U.S. bishops at their spring meeting earlier this month produced guidelines on how to hold themselves accountable. Here are some of the measures.
Following President Donald Trump’s plans to deport “millions” of undocumented migrants, the United States Conference of Catholic bishops (USCCB) released a statement acknowledging that nations have a right to protect their borders, while urging attention toward the root causes of migration.
Yesterday officially kicked off the U.S. bishops’ annual “Religious Freedom Week,” which is a bit of an exercise in rebranding.
For some observers, it was a welcome sign that even in an archaic institution, change is possible. Yet for others, it remains to be seen whether such change is more than mere symbolism.
After three days of intense debate over the role of the laity in overseeing bishops accused of abuse or its cover-up, the U.S. Catholic bishops voted to enact new standards for holding bishops accountable that include lay involvement, although stopping short of making it a mandatory requirement.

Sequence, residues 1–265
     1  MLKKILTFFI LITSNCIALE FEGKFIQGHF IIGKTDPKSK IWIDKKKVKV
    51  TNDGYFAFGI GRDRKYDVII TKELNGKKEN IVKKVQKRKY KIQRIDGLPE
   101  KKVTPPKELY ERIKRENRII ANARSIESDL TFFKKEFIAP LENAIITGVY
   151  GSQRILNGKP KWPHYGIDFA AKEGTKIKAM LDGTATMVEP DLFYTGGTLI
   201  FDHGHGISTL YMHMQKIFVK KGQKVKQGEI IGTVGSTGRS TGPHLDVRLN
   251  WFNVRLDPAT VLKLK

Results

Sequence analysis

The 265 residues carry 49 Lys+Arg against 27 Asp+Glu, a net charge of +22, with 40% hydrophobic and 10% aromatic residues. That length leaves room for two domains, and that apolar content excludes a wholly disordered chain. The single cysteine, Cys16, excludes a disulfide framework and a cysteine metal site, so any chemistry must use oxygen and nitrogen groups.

As the U.S. Catholic bishops move closer to enacting new protocols for bishop accountability, they concluded the second day of their high stakes spring meeting by approving a measure to design a national third-party system for reporting claims against bishops.
At a time when the U.S. Catholic bishops are meeting to vote on new measures for bishop accountability, Pope Francis has given the green light for a penal process for a retired U.S. bishop accused of multiple accounts of abuse.
As has been the case for years now, a small group of protesters dismissive of the U.S. bishops’ efforts to enact reforms in their handling of abuse cases gather outside the Baltimore hotel where they conduct their general meeting.
Author Dawn Eden Goldstein said she saw the need for her newest book after the U.S. Catholic bishops adopted the “Charter for the Protection of Children and Young People” in 2002.
As the U.S. Catholic bishops gathered for a closely watched meeting with the hopes of enacting new standards for bishop accountability, debate over the role lay people could have in their oversight dominated day one of the gathering.